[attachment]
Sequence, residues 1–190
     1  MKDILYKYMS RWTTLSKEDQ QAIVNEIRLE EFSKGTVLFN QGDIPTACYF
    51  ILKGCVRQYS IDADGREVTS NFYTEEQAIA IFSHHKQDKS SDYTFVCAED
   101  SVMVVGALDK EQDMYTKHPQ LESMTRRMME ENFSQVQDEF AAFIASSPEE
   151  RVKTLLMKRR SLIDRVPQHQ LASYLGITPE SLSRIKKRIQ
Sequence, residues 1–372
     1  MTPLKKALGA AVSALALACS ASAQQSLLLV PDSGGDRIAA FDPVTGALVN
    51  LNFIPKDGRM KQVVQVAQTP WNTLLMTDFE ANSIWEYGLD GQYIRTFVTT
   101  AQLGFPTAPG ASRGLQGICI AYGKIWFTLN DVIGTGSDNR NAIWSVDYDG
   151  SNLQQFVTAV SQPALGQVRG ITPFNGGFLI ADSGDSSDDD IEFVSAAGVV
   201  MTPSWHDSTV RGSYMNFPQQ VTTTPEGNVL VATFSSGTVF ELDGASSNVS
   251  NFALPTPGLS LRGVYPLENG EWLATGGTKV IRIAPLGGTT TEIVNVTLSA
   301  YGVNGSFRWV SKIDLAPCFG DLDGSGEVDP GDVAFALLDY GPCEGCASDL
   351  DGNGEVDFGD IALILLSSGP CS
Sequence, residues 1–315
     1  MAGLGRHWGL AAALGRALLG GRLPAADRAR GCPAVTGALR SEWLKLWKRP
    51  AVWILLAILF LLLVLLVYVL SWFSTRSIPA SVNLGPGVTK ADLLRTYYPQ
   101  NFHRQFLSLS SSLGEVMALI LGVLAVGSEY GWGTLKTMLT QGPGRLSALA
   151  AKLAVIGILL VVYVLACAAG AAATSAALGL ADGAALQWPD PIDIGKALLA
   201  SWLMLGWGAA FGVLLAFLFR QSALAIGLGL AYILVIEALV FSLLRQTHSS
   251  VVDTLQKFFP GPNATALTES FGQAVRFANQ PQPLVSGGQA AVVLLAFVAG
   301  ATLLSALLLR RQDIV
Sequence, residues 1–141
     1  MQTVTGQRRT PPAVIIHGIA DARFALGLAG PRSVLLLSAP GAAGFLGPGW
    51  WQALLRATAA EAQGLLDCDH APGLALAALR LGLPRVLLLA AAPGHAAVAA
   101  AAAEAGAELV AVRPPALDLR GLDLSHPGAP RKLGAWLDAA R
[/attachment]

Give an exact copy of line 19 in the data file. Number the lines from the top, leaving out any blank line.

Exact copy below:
   151  AKLAVIGILL VVYVLACAAG AAATSAALGL ADGAALQWPD PIDIGKALLA